By Maria Grzywa —
No matter what, University of Wisconsin–Stout will be affected by the proposed budget cuts in Governor Walker’s state budget address. With $300 million on the line to be cut over the next biennium, Stout is looking at significant changes in expenses, faculty and staff compensation and student program and tuition costs.
Walker’s state budget address included:
- A proposal for the UW System to receive more autonomy from state government.
- The creation of a University of Wisconsin System authority, an agency that would oversee things such as capital projects and staffing.
- A $300 million cut to UW System funding for the next biennium.
- A plan to extend the tuition freeze for another two years and introduce a freeze on course and program fees for high demand fields within the technical college system.
The proposal to make the UW System a public authority is highly accepted by system members because if power is transferred to the Board of Regents rather than to state legislature, decisions will be made with better regard to schools in the system. Stout’s Chancellor Meyer explained in a Stoutonia meeting that many members of the Board of Regents came from UW System schools and have closer connections to the system, and therefore will make decisions with regards to the people (faculty, staff, students, etc.) rather than the system.
UW System President Ray Cross’ announcement after Walker’s state address further explains the positives seen in the transfer of authority from state to public. “The UW System and its institutions will gain … important flexibilities that we have long sought,” said Cross. The flexibilities he refers to address the system’s ability to manage pricing in a way that reflects the market and actual costs, which will benefit Wisconsin students and families.
However, the public authority proposed by Walker appears to be a tradeoff for his budget cuts. Walker proposed a $150 million cut each year to the UW System budget, which will mean cuts across all areas of the system. Specifically here at Stout, we are looking at a loss of faculty and staff.
The following is an excerpt from “State Budget Effects on UW–Stout” from the Office of the Chancellor:
Record numbers of faculty and staff are leaving for higher paying positions elsewhere. 71 percent of faculty/ staff who reported that they left UW-Stout and accepted another position state that their new position pays a higher salary. In the last five years there have been 52 faculty resignations (19 percent of faculty/ staff).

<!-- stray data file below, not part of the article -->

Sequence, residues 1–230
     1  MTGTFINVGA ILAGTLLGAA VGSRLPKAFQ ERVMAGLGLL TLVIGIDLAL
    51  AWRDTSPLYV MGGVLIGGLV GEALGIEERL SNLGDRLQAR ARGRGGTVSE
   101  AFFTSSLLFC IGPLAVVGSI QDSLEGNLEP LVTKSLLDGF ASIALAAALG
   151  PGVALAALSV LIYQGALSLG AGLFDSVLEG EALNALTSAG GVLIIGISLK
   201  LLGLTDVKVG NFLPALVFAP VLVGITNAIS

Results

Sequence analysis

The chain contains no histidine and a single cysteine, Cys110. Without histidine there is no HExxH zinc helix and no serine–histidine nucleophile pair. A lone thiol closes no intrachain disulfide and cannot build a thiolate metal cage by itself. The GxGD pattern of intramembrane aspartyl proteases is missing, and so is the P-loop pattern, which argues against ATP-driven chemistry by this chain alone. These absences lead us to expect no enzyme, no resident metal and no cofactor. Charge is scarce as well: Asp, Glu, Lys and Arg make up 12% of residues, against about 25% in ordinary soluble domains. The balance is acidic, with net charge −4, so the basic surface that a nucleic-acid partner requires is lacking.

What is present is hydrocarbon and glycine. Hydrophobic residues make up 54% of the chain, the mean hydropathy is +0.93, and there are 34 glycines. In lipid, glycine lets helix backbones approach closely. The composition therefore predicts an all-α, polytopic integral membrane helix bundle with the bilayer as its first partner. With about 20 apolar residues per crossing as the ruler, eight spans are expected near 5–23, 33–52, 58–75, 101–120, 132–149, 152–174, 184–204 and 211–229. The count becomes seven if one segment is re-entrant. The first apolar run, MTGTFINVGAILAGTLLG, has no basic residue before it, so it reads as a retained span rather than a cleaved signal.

According to another report, UW-Stout’s average salary for all instructional ranks is 57,114 dollars, which is nearly 25,500 dollars lower than the average salary of 82,602 dollars for the 19 institutions included in the comparison polytechnic peer group.
Following the last budget reduction, UW-Stout eliminated six positions by choosing not to fill vacancies.
Recruitment challenges: in the past four years, 20 to 30 percent (annually) of faculty and professional staff searches have failed (no offer made, cancelled, or offered and not filled).
Chancellor Meyer is making staff and faculty a priority throughout these cuts and wants to protect them as much as possible. However, after the last budget cut and giving up what Stout could lose, Stout will be forced with this new cut to get rid of compensations and positions because that is all that is left.
With the loss in state funding and a continued tuition freeze money will need to come from outside funding and reserves, which will only last the school so long. The tuition freeze will extend through the next biennium, preventing tuition from rising.
However, tuition would be the main source of revenue and compensation for faculty/ staff. So although a freeze on tuition will benefit students financially, it will most likely take a toll on the learning experience here at Stout because faculty and staff will find compensation elsewhere, leaving Stout.
Changes are coming to Stout due to Walker’s state budget address. Tell us how you feel and leave a comment on Stoutonia’s Facebook page or write a letter to the editor.